Electronic Design
Micron39s offices in Folsom, Calif. The memory chip maker has started a C.E.O. search after Mark Durcan, who has held the position since 2012, announced plans to retire (Image courtesy of Micron).

Micron's offices in Folsom, Calif. The memory chipmaker has started a search for a new C.E.O. after Mark Durcan, who held the position since 2012, announced plans to retire. (Image courtesy of Micron).

Micron Chief Mark Durcan to Retire

Durcan stepped into the chief executive role in 2012, steering the company through turbulent markets, a buyout offer, and new partnerships with Intel. Now 55, he will help search for his replacement.

Mark Durcan, the chief executive of Micron Technology, is planning to retire. The memory chip maker said Thursday that Durcan would stay in his position until a replacement is found.

After serving as Micron’s chief operating officer for five years, Durcan was promoted to chief executive in 2012. He postponed his retirement to take over for Steven Appleton, the company's long-time chief executive, who died in an airplane crash in Boise.

Durcan, 55, joined the Boise, Idaho-based firm as a process integration engineer in 1984, climbing the ranks to chief technology officer and later president.

“Mark Durcan recently discussed with the Board his desire to retire from Micron when the time and conditions were right for the company," said Robert E. Switz, Micron’s chairman, in a statement.

As chief executive, Durcan steered the memory chip business through choppy financial waters that only recently calmed down. In 2015, he weathered the controversy around a Chinese chip maker's $23 billion offer for the weakened company. Last year, Micron's doldrums reached such lows that the company said that it would cut around 2,400 jobs or 7.5% of its workforce. 

There have also been changes to Micron's products and how the company develops them. Durcan oversaw Micron’s push into three-dimensional memory chips and new markets like automobiles and industrial equipment. He also expanded an Intel partnership that resulted in 3D XPoint, a memory technology that Durcan has said will combine aspects of both DRAM and NAND.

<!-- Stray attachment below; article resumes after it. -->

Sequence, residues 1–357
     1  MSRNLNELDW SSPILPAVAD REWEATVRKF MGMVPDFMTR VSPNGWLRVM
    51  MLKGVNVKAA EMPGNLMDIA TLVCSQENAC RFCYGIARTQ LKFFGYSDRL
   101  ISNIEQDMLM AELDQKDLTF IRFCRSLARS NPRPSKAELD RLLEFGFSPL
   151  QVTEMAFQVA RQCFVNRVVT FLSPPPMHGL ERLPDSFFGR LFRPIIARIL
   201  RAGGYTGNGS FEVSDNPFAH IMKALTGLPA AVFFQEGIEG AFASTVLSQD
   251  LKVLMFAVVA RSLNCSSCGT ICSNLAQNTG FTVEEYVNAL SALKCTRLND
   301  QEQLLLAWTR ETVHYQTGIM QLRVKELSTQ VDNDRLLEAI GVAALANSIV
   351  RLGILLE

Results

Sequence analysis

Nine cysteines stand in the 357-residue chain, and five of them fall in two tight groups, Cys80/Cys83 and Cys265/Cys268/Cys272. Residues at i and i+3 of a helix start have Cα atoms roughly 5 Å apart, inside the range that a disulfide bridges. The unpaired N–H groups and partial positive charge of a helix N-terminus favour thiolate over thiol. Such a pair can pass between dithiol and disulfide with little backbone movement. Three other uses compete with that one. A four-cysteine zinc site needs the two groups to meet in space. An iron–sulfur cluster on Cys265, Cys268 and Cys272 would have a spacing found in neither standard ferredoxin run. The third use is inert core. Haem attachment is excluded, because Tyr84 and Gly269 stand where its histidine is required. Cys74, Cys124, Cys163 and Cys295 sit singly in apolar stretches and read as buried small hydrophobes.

When he accepted the job in 2012, Durcan appeared to be something of a placeholder before another Micron executive took the reins. He had planned to retire and the company had been said for years to be grooming Mark Adams, then the vice president of worldwide sales, for the chief executive role.

But Durcan stayed in the position, which for several years made him the highest paid chief executive in Idaho. Adams resigned from Micron in early 2016 for what the company said were “personal health reasons.” He has since become the chief executive of Lumileds, a manufacturer of light-emitting diodes.

In recent years, the semiconductor industry's top echelons have been in flux. T.J. Rodgers, the salt-tongued founder and chief executive of Cypress Semiconductor, stepped down last August after 34 years. In 2015, Intel recruited former Qualcomm executive Venkata “Murthy” Renduchintala to oversee most of its product development.

It is not clear whether Micron will recruit from within its ranks for Durcan's replacement. But the company said that Durcan would be part of the search team.

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